As Nigeria’s entertainment capital, and a cultural hotspot on the continent, Lagos continues to thrive with artistic effervescence, particularly amongst the youth. Coupled with the forthcoming presidential elections, poignant political artworks, exhibitions, and projects have taken to the fore, and in a number of cases launching direct condemnations of the state of the nation. It is at once progressive that artists are able to parody, mock, and challenge issues pertaining to the governance of the country, especially since one only has to look back to as recently in the 90s, under Abacha’s dictatorship, when any form of free speech was accompanied with the risk of death – as, famously, was the case for the writer Ken Saro-Wiwa, amongst others. Yet the necessity for such pressing criticism of Nigerian politics serves to underline the failure of the nation to cleanse itself of its most self-corroding vice: corruption.
One such attention-grabbing project to respark this conversation, in particular amongst the youth, has come from a fast-emerging Nigerian photographer based in Lagos, Ifebusola Shotunde (@ifebusola_s). His most recent project, “No Place For our Dreams”, is a highly politically charged body of work, combining photography and augmented reality, inspired by Femi Kuti’s studio album, “No Place for My Dream”. The photo series narrates a story that shows the adverse consequences of immoral acts by the political elite on average citizens.
The series chronicles a political aspirant who seeks a top position in government. Shotunde engages characters from different demographics, demonstrating how aspirants connive with various levels of society, all in the pursuit of power. All the characters in the series are acted out by young Nigerians who share Shotunde’s belief that the masses have the power to change the state of the nation.
The story parodies and challenges behavioural patterns in Nigeria’s politics, as the aspirant seeks support from a “Godfather” figure, bribes a religious leader, and commissions political thugs to terrorise regular citizens upon his commands. Shotunde further interrogates the ills of Nigerian politics as the story takes a darker turn, involving kidnappings, riots, and ultimately the tragic death of a student. Predictably, the political aspirant emerges as a hero, despite having instigated the chaos.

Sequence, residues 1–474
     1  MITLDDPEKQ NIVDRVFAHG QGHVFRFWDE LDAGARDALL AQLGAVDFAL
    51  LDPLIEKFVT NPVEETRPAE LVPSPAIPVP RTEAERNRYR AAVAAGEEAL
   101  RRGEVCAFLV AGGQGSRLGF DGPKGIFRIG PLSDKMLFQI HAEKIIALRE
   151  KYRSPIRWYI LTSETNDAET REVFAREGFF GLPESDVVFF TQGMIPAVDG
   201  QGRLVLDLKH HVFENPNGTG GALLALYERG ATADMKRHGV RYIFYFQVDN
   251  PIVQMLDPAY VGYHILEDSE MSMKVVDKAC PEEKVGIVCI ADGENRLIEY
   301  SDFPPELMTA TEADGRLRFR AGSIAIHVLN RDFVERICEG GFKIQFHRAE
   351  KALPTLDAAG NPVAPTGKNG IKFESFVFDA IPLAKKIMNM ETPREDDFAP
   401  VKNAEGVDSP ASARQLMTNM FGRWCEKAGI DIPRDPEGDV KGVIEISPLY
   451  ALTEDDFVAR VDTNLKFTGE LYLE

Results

“I decided to show the work on the streets.”
To increase poignancy of the project, and to better spread his message, Shotunde opted to display his project outside of traditional viewing spaces. Instead, the work was exhibited on the streets of Lagos, in multiple locations, posted on top of current politicians’ campaign posters, as a direct form of mockery.
Commenting on the series, Shotunde expressed his frustration at the state of politics in Nigeria:
“My reason for going ahead with this project was to start a conversation on how we, as ordinary people, suffer from the incompetence of our so-called leaders. I decided to show the work on the streets because it gives a wider range of Nigerians a chance to see the work and discuss possible ways of making the country a better place, regardless of what “they” throw at us.”
The project has received a high level of engagement, empowered by the anti-establishment stance taken by Shotunde. Furthermore, by using augmented reality for the project, spectators, after downloading the appropriate app, were able to hover their phones over the images to view moving images of each scene.
Freedom of speech in Nigeria is much improved from the brutal intolerance of the 90s, but the country still faces a plethora of challenges, which have been highlighted in the campaigning for this forthcoming election. Ultimately, Shotunde’s project is one of many paving the way to “provoke conversation around the state of politics in Nigeria in attempt to bring about this [necessary] change.”